Author: ElectricBikeReview.com via YouTube
During Interbike 2018 I crossed paths with Ken Foraker, former pro cyclist for Yeti Cycles. He has been working at an electric bike shop called Current Ebikes in Santa Cruz California and built out a custom Focus Paralane to bring to Lake Tahoe for the Outdoor Demo Day event. Ken told me that he had taken a 23 mile ride from Northstar to Kings Beach which included 3,000 feet of climbing. On one of the descents, Ken was able to reach 62mph! Years ago, Ken lost one of his legs when he was hit by a drunk driver in a Buick, so he has removed his right crank arm, uses a clip-in pedal on the left side, and added multiple frame bags from Revelate Designs so he doesn’t have to wear a backpack. One bag had a magnetic clasp, making it easier to access. Ken always brings along metal utensils and hand sanitizer to reduce waste from disposable forks and knives, and considers his bike an adventure bicycle the way it’s setup! He swapped the stock drop bars for a Nitto Albatross handlebar which sweeps back. He said many people in Holland and Asia use this stept-back style handlebar because it’s more comfortable and natural to ride with. His tires are 32c width which improves comfort and stability but still allows him to run fenders. He said it could handle up to 35c size without fenders.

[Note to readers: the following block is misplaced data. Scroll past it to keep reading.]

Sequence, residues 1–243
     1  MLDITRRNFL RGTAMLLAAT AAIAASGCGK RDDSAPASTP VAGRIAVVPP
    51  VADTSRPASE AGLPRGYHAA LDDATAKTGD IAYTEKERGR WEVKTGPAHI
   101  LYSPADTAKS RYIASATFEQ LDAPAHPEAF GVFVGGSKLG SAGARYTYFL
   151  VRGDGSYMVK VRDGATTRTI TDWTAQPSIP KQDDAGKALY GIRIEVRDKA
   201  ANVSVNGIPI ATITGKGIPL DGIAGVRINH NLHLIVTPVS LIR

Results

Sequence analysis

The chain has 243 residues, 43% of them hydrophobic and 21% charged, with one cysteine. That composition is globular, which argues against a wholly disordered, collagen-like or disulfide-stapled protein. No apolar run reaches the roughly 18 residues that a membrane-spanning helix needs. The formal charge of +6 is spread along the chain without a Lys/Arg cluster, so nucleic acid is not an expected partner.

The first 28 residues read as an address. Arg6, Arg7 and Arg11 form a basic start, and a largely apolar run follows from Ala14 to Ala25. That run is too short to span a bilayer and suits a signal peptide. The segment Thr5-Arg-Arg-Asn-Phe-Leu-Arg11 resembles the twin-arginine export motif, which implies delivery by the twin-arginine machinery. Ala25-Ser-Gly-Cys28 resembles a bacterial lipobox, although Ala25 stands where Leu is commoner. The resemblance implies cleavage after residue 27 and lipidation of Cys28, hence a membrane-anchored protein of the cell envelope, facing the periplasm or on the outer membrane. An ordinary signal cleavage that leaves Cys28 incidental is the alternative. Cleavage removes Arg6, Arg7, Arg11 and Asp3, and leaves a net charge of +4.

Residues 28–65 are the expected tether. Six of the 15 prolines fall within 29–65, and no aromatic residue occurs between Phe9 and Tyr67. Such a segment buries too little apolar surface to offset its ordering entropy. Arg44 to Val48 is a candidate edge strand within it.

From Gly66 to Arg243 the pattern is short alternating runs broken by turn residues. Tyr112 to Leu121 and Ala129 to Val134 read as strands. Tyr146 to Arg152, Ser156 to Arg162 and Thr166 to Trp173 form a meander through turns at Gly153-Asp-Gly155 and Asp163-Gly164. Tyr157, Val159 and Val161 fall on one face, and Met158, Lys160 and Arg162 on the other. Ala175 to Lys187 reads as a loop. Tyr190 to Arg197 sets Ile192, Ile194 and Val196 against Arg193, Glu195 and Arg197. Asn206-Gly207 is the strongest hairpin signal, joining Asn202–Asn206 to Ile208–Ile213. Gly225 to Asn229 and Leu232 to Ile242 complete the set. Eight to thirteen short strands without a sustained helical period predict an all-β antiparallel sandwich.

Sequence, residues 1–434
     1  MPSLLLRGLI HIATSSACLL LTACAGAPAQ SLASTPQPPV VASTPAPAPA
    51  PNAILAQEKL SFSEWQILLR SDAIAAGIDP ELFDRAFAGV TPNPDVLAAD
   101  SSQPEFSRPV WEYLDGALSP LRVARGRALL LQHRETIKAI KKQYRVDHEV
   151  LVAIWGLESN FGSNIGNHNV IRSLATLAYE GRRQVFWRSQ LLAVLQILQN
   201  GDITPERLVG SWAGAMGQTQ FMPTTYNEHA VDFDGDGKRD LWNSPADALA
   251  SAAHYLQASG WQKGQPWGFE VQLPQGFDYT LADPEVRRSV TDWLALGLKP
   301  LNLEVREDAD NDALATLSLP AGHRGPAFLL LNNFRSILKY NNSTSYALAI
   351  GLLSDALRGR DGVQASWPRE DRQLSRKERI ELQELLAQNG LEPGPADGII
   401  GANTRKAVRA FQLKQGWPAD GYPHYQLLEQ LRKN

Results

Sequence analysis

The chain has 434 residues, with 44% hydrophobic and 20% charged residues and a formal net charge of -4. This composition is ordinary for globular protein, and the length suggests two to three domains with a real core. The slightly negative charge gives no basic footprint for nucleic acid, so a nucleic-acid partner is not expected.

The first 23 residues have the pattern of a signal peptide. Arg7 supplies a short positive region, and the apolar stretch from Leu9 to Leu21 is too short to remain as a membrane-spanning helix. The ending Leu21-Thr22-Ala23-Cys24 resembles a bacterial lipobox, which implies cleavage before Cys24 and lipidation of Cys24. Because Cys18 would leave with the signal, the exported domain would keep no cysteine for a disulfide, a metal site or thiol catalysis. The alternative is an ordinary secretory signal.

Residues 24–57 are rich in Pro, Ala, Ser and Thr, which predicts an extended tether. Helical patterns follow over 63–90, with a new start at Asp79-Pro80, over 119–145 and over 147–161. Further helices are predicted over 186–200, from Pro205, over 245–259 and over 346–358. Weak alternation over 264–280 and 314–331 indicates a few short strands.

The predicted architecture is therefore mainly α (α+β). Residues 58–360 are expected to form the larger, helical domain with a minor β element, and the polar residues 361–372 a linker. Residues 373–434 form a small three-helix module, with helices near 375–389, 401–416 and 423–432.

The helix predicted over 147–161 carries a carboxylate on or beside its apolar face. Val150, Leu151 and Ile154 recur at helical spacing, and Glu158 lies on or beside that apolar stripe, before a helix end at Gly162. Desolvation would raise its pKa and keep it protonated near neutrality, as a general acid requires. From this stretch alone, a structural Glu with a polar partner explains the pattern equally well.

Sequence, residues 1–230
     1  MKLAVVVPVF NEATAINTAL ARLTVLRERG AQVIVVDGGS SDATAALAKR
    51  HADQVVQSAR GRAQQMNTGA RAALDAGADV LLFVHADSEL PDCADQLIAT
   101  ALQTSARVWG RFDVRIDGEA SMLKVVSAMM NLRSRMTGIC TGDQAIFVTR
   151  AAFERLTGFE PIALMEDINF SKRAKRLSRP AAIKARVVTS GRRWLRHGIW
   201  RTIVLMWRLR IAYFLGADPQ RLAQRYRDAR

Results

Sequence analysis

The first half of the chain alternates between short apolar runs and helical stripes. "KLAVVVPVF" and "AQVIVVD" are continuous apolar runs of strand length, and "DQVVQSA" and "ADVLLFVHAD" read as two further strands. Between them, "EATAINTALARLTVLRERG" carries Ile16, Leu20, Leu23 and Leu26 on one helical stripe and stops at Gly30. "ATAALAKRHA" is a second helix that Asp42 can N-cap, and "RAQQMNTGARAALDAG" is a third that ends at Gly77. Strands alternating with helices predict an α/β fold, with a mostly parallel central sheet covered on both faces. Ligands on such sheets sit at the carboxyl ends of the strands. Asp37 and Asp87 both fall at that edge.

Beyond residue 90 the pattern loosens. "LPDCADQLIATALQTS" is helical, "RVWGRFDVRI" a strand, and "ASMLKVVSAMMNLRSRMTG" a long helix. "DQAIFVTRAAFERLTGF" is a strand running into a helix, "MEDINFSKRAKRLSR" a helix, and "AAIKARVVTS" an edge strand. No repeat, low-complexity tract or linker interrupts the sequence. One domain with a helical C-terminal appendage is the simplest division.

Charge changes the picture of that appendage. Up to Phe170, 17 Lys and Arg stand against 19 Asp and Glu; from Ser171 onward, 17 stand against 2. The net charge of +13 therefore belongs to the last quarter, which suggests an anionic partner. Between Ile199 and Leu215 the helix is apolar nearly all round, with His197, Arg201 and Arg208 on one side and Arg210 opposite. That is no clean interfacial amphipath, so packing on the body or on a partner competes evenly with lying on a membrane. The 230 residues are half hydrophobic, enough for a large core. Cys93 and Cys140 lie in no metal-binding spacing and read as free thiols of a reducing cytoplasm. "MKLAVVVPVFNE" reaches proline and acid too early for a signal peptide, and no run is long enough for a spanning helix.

During Interbike, Ken crossed paths with one of his heroes named Sonya Looney. He bought some metallic Sharpie permanent markers and had Tonya sign his bike frame! Ken actually recognized me from the EBR review videos and was just super friendly. It was an honor to meet him, and he shared a few tips for other amputee riders who have lost limbs. He says that he has helped them get setup with special interfaces but usually recommends that they try to ride without and practice using clipless (clip in) pedals near grass to relearn. He went so far as to share his email address to help others with adaptive needs: firstname.lastname@example.org which is awesome and generous. Ken said that he just wants to help people who are ambulatorily challenged enjoy their sport of choice, he has forearm crutches that are used to walk sometimes but said they just aren’t comfortable… so he prefers cycling.
Other topics in this video include his cool California Republic branded water bottle from Camelbak which is easier to drink from on the go, because you can squeeze it to get fluids out vs. messing with a cap. He’s using Shimano Metrea hydraulic disc brakes and attended a Shimano workshop at Interbike, talking about Di2 components and electronic shifting.